En studie viser at homofobe holdninger er mye mer utbredt blant tyskere med muslimsk bakgrunn enn ikke-muslimer. Å være gay og muslim er en stor belastning.
“For us, for Muslims, it’s extremely difficult. When you’re gay, you’re immediately cut off from the family,” said Kader Balcik, a 22-year-old Turk from Hamburg. He had recently moved to Berlin not long after being cut off from his mother because he is bisexual. “A mother who wishes death for her son, what kind of mother is that?” he asked, his eyes momentarily filling with tears.
Hasan, a 21-year-old Arab man, sitting at a table in the club’s quieter adjoining café, declined to give his last name, saying: “They would kill me. My brothers would kill me.” Asked whether he meant this figuratively, he responded, “No, I mean they would kill me.”
“I’m living one life here and the other one the way they wish me to be,” Hasan said, referring to his parents. He said that he still planned to marry, but when he turned 30 rather than right away, as his parents wished. “I have to have children, to do what Islam wants me to do,” he said. “I would stop with everything in the homosexual life. I would stop it.”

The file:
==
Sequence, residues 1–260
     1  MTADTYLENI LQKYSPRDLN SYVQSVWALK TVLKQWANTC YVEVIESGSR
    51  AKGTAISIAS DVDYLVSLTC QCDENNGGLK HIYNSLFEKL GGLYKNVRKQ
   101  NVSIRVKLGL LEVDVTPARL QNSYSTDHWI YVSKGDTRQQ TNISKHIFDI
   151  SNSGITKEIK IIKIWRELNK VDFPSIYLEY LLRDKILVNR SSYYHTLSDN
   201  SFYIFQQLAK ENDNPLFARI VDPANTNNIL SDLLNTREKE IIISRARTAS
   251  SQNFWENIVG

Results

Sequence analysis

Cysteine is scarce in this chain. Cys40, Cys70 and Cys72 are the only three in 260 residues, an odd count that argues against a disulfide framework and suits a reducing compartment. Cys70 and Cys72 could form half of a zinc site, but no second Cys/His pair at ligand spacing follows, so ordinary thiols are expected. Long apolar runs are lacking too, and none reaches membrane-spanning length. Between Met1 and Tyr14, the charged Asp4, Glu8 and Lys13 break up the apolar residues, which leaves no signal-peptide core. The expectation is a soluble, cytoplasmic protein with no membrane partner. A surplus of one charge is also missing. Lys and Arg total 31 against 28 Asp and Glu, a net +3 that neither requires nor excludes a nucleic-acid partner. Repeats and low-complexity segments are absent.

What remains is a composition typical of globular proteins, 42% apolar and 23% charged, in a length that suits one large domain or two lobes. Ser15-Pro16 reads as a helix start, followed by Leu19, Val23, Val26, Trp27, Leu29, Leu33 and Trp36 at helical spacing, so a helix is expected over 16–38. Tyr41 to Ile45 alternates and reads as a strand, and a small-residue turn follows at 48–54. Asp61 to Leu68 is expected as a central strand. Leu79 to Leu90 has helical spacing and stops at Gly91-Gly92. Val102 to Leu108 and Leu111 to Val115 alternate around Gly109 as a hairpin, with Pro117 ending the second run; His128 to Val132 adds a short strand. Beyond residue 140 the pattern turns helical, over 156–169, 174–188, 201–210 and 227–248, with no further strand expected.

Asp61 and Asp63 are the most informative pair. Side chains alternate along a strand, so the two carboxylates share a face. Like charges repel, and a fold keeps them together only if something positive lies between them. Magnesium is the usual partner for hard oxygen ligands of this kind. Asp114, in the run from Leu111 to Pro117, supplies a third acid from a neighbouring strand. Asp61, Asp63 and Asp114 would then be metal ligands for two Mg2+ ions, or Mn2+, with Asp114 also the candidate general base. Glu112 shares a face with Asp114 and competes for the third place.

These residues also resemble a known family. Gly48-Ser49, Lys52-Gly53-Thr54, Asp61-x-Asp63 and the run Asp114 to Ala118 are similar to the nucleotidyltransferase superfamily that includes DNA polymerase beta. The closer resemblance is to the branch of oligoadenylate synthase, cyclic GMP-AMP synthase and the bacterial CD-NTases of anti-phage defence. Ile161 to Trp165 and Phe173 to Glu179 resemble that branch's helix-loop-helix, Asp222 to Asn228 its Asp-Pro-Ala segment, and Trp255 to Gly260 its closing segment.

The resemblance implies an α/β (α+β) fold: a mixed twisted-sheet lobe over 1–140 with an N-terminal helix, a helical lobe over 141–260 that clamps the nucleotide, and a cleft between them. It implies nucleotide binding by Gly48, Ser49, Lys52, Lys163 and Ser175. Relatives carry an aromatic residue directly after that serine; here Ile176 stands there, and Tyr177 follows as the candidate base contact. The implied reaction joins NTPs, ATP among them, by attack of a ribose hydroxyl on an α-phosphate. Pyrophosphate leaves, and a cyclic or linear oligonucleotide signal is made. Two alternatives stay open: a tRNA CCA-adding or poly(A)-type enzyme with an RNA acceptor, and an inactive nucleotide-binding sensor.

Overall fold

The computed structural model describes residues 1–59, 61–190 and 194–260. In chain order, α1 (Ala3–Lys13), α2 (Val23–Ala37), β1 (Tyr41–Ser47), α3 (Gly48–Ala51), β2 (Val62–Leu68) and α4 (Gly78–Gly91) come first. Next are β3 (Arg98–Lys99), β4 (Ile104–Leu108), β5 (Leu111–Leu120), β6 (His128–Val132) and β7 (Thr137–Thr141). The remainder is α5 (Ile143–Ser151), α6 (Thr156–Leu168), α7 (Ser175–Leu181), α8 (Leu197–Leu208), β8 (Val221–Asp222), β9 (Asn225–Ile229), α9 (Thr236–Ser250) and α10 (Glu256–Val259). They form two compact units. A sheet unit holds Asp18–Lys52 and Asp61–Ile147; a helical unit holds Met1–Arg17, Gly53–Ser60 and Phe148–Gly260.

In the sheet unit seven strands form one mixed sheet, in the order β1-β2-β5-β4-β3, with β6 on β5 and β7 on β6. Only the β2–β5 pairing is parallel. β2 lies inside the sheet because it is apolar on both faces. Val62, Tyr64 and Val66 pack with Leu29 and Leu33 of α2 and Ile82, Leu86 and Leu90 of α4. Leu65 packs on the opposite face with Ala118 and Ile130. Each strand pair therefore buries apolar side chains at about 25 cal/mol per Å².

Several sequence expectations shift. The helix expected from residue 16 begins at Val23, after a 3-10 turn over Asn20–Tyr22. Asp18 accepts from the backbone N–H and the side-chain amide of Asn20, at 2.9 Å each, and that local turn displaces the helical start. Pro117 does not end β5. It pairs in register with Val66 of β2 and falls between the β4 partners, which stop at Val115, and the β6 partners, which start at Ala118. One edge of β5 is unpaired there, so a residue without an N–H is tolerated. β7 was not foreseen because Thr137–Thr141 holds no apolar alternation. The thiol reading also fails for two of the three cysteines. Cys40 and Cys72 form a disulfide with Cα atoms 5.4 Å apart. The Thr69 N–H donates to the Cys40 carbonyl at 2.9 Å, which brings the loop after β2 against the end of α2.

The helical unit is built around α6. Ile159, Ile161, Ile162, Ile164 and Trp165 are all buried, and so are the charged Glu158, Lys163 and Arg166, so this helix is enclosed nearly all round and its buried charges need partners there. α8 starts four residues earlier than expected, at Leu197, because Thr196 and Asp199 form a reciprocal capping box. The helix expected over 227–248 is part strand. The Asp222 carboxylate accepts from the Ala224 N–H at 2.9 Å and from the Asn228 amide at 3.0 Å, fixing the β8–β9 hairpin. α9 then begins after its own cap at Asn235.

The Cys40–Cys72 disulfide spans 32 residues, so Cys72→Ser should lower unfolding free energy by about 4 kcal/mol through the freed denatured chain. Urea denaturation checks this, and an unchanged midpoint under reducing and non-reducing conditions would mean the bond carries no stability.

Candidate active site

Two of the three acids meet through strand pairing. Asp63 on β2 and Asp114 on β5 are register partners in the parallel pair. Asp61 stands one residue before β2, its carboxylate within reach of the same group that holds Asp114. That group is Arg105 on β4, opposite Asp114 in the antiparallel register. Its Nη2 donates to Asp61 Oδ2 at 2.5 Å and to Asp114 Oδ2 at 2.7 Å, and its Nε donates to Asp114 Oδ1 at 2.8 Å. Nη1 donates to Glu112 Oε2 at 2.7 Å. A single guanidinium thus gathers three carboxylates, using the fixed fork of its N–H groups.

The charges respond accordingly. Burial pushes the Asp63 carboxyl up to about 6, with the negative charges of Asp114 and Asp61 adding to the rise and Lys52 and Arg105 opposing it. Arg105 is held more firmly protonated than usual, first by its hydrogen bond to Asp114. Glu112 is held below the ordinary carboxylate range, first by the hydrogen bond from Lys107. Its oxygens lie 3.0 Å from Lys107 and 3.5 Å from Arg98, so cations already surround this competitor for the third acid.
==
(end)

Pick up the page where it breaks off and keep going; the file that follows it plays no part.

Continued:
En undersøkelse av 1.000 unge i Berlin mellom 14 og 20 år, utført av Kiel-universitetet, fant en korrelasjon mellom kulturell bakgrunn og synet på homofile.
when asked whether they would be disgusted by the sight of two people of the same sex kissing, 79 percent of respondents with a Turkish background said “yes.” Seventy-six percent of those with a Russian background also answered in the affirmative -- compared with only 48 percent of respondents with a German background.
A spokesperson for the German Association of Gays and Lesbians, Günter Dworek, said he was alarmed by the study’s findings.
“Homophobia is not a harmless misdemeanor,” Dworek told the AFP news agency. “It has negative effects on people’s ability to live together in society.”
The head of the study, Bernd Simon, said homophobia was likely even more prevalent in Germany as a whole since Berlin is known for its relative tolerance toward non-traditional lifestyles.
Turkish people in parkBildunterschrift: Großansicht des Bildes mit der Bildunterschrift: Berlin has both large Turkish and large gay communities
The study revealed that male respondents of all backgrounds tended to be more homophobic than females.
Two key factors appear to be ideas of masculinity and religion. The study underscored “the significance of traditional masculine norms and religiosity in the development of anti-homosexual attitudes,” Dworek said.
Men gay-muslimer finner pustehull i en by som Berlin som har lange tradisjoner med gay-kultur. Tyrkisk-ættede Fatma Souad arrangerer gay-disco i Kreuzberg en gang i måneden. Klubben er full, men mange er redd for å bli gjenkjent.
En av de mest spennende sidene er musikken, som mikser Balkan, Tyrkia og Levanten med moderne elektronika. Musikken viser at kultur kan blandes.
Gay Muslims party in Berlin, nervously